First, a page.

That is the second hurdle advantageous mutations face, the first being to arise randomly from a set of possible mutations which are almost all deleterious.
Another false claim. "almost all" mutations are neutral, not deleterious. As for the "random" mutation, that is also a falsehood, but to your credit, it is a bit unclear what you mean, with the possibility that you mean that all mutations are equal and that which one occurs is a "random chance"? That, of course, is also not quite true, as the mutation is a result of chemical binding forces, and as such, each mutation has a rather set likelihood of occuring, with some being more likely than others.

That aside, you are also ignoring the issue of what would happen if all possible mutations actually occurs. It would create such a diverse genome in a population that the species cohesiveness would start to disintegrate. Each individual would be to unique to really fit in with others, and you end up with individuals rather than a population.

quote:
What I am saying is that fundamentally we should look to organisms individually for what their fitness to reproduce is, in stead of looking comparitively between variants.
Each individual is exposed to the forces of Natural Selection, if that is what you mean, and either reproduce or not, depending on how fit they are comparative to their neighbor. But the EVOLUTION is based on the population.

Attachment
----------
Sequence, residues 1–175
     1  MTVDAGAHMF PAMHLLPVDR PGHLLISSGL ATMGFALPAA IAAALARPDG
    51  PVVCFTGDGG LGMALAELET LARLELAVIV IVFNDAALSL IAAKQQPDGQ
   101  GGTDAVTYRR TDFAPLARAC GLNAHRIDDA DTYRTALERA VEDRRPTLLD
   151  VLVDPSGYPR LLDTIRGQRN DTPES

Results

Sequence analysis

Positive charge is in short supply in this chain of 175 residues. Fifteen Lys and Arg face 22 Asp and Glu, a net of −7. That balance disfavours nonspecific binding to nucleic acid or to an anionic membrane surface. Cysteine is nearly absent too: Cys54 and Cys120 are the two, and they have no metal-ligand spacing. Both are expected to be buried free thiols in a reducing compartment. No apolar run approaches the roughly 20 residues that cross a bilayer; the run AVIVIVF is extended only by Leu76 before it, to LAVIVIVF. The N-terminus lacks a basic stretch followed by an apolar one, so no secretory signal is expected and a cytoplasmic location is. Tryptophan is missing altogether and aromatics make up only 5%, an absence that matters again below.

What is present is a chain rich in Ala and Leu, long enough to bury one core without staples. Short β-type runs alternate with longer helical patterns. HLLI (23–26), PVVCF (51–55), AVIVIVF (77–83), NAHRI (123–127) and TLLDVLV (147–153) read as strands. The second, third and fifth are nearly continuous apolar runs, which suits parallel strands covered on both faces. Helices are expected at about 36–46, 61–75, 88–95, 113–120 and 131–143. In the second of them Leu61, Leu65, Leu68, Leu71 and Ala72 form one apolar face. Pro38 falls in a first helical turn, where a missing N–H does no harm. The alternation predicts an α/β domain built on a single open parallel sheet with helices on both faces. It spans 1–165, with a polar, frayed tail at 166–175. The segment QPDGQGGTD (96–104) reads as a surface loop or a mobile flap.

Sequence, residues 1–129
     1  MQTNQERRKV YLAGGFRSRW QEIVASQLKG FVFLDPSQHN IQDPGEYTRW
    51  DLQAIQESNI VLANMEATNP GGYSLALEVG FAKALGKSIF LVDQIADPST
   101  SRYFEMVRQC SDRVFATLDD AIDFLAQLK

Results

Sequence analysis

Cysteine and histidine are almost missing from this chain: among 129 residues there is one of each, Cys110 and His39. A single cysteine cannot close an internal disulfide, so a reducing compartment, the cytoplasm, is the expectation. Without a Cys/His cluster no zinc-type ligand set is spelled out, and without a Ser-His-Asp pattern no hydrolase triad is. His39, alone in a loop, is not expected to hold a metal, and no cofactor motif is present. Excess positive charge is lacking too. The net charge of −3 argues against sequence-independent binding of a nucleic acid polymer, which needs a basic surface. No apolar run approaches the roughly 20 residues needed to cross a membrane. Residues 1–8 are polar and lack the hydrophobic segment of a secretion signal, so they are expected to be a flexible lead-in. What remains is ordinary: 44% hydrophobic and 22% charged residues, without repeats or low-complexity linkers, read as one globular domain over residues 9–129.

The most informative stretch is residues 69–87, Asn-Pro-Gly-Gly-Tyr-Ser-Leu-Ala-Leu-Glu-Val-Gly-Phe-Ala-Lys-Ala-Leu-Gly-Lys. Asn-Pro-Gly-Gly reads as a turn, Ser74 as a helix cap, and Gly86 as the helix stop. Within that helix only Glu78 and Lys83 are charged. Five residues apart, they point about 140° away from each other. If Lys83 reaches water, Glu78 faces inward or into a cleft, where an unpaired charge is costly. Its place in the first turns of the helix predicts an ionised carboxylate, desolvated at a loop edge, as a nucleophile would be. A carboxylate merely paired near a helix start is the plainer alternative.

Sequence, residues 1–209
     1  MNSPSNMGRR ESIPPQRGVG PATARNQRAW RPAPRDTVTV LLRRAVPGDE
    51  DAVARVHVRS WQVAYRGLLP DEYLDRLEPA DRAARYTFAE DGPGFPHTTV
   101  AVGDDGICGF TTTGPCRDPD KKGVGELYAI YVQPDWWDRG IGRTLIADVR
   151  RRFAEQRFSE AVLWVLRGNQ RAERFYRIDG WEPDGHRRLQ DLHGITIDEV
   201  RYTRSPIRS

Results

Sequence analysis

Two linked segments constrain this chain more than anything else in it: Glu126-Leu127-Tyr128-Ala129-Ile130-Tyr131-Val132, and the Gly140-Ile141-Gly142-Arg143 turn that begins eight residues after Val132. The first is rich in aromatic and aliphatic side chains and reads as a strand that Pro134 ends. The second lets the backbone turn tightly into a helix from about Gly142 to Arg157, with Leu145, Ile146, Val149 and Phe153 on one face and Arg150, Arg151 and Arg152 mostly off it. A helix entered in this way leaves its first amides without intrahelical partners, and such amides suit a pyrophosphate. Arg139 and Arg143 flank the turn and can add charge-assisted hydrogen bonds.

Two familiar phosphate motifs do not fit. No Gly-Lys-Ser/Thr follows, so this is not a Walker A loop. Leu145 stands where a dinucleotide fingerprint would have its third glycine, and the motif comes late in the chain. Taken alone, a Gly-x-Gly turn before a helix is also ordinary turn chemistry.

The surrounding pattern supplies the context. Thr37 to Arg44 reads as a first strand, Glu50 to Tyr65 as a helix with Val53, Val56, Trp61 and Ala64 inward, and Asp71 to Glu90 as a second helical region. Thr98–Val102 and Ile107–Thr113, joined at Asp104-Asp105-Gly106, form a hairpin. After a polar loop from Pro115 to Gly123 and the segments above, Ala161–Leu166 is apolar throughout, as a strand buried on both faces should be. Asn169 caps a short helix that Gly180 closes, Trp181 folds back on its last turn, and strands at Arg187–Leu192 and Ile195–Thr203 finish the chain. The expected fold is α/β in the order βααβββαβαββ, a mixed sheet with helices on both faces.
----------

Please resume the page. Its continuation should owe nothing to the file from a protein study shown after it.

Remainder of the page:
quote:
Your false assumption that it is only sometimes that a disadvantaged variant get's to reproduce, where in fact it is actually most times that the advantaged variants get's wiped out, is I think a result of your failure to look at the individual fitness to reproduce.
I still think that claim is bogous. There is still no evidence that advantageous mutations get wiped out rather than get upregulated. You are talking about the individual's advantage, which directly contradicts your claim of the advantageous individuals being wiped out. Either you are expression yourself poorly here, or your argument doesn't make sense.
quote:
Of course Darwinists..
Who are the Darwinists? Are they the biological equivalents of the Wrightists or Da Vinciists of flying?
quote:
..have known that advantageous mutations get wiped out most times,..
Rather, most mutations fade out again in a population, but advantageous ones are more likely to make it. WHy are you trying to misrepresent scientific knowledge? Is your attack on Evolution based on misrepresentation of what Evolution is? In that case, what value does your argument have, other than evidence of creationist red herrings?
quote:
.. but it is not apparent by the structure of their theory.
Rather, the structure of the Scientific Theory of Evolution is not apparent by your claims about it.
quote:
And like this, there are many more deceptions that follow from making as fundamental a comparitive view between variants, in stead of an individual view in terms of fitness to reproduce. It is simply a matter of a straightforward structure of knowledge, as explained quite adequately in the thread numerous times IMO.